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Asthma and Allergy Relief

Asthma and Allergy Relief

With autumn around the corner, asthma and allergies concern many families. The following is an overview of this condition, its causes, and basic treatment approaches. Your pediatrician will be your guide in best handling this situation.

What is asthma?

Asthma is a chronic disease of the passageways that carry air to the lungs. These “airways” become narrow and the linings become swollen, irritated, and inflamed, causing labored breathing, coughing, chest tightness and shortness of breath—constituting an “asthma attack.” Cough may be the first and sometimes the only symptom of early asthma. Other asthma symptoms are wheezing, fast breathing, or difficult breathing that uses extra muscles from the neck, abdomen, and chest to help “draw in” air. Symptoms of asthma can be different for each person, depending on how often they occur or how much or how fast the airways become narrowed

Prevention and early treatment of asthma may help reduce the number of days your child is absent from school or in the hospital. Controlling the symptoms of asthma will help your child feel healthy and make it possible for him to participate in sports and other physical activities with his friends.

What are the common asthma triggers?

Certain things “trigger” or worsen asthma. They are divided into “non-allergic” and “allergic” triggers. Your pediatrician will help you recognize what triggers your child’s asthma to reduce or eliminate asthma attacks.

Non-Allergic Triggers.

  • Infections in the airways
  • Viral and bacterial infections of the ear, nose, and throat (fever is often present)
  • Other infections (such as pneumonia)
  • Cigarette, cigar, and pipe smoke
  • Other irritants in the air (air pollution, such as smog due to automobile exhaust, incinerator smoke, and even smoke from a fireplace)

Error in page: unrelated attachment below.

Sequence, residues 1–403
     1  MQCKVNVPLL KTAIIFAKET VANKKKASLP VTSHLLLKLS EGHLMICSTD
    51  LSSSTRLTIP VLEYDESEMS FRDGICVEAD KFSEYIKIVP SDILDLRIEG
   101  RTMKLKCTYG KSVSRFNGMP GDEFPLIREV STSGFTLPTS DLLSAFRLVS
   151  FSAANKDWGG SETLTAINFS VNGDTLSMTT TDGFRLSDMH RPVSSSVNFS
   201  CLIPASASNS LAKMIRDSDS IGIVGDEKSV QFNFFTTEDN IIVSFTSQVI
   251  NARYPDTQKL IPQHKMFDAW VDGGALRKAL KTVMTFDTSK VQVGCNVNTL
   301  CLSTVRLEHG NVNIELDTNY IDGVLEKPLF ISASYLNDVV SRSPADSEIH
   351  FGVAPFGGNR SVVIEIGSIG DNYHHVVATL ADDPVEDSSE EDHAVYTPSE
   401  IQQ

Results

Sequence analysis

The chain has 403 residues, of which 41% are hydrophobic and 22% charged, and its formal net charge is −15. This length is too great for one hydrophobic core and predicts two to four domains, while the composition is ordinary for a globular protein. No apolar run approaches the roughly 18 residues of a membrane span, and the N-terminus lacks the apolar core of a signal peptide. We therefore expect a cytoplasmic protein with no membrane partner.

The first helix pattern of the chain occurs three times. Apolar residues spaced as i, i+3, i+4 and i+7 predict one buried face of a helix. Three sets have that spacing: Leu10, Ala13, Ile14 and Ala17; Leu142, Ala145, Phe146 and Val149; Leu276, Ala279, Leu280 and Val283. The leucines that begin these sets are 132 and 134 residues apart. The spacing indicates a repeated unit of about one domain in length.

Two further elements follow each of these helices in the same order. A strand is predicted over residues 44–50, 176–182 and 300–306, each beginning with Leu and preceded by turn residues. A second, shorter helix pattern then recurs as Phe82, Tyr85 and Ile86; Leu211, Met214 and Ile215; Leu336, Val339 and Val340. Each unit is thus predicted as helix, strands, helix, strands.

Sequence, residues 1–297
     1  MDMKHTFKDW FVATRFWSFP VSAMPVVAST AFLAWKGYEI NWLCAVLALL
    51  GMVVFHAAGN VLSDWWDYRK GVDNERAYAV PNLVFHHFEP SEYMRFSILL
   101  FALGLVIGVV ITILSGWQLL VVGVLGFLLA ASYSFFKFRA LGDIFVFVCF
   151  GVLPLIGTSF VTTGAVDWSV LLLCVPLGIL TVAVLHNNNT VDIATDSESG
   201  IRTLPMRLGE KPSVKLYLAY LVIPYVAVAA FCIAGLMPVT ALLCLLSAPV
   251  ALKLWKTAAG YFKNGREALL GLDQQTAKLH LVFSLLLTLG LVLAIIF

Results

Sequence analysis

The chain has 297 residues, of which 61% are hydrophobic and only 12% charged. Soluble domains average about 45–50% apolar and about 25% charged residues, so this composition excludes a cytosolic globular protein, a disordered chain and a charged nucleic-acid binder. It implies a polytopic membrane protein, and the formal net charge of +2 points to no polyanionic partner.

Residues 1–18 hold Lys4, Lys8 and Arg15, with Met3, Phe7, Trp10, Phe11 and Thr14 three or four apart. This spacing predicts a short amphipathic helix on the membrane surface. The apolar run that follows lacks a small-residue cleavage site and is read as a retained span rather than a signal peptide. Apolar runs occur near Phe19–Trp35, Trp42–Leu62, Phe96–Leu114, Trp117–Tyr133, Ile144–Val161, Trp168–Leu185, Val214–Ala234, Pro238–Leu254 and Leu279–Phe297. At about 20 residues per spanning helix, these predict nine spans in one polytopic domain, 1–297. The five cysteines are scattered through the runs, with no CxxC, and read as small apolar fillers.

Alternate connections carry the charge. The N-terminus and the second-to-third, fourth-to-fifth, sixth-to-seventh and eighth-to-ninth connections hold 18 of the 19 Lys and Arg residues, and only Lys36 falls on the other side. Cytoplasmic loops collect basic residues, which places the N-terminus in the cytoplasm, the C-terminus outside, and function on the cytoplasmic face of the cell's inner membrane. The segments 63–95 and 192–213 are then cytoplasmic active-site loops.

• Cold air, dry air
  • Sudden changes in the weather
  • Exercise
  • Emotional stress

Allergic Triggers.

Although allergies are not well understood, they tend to occur in families (i.e. genetic causes). The following allergens may initiate or worsen your child’s asthma.

  • Pollens
  • Dust (house dust mites)
  • Animals
  • Mold
  • Chemicals used in industry
  • Some foods and medicines (common ones: nuts, eggs, penicillin)
  • Venom from insect stings

Asthma Medications.

A pediatric allergist may help define which allergens are involved, and/or treat allergies with medications or “allergy shots.”

Some asthma medications are used on a daily basis, while others are used only during asthma attacks. There are two general groups: bronchodilators and anti-inflammatory drugs.

  1. Bronchodilators, such as Albuterol, open up narrow passageways. They help relieve the feeling of tightness in the chest, wheezing, and breathlessness.
  2. Anti-inflammatory drugs such as steroids (don’t worry … these types of steroids are safe!) help prevent the swelling and inflammation in the airways and may increase drainage of secretions from the airways. These drugs can be given by mouth, by injection, or can be inhaled in an aerosol (mist) form.

Be sure to ask your pediatrician for an “Asthma Action Plan” that includes advice geared to your child about the following:

  • How to prevent or reduce asthma symptoms
  • How to recognize asthma symptoms, especially symptoms of worsening asthma
  • What treatment should be administered first and what to do if the asthma is getting worse
  • What to do in an emergency

The Overall Game Plan.

Medications are one aspect of an overall treatment plan. As mentioned, there are other factors to consider such as reducing exposure to triggers. Work with your child’s pediatrician to create a treatment plan, the goals of which should be to:

  • Eliminate (or reduce) triggers, including irritants and substances to which your child is allergic
  • Gain control of the wheezing and return lung function to normal
  • Develop a sensible “plan of response” for any asthma attack in order to reduce the need for emergency medical treatment and hospitalization
  • Decrease frequency and severity of attacks
  • Monitor the asthma with a peak flow meter to measure the amount of air your child is getting into her lungs. This helps you to recognize if the airway is narrowing. Peak flow rate measurements can usually be used for children five and older.
  • Allow your child to grow and develop normally and take part in every and any normal childhood activities

Related Story: Managing Your Child’s Asthma


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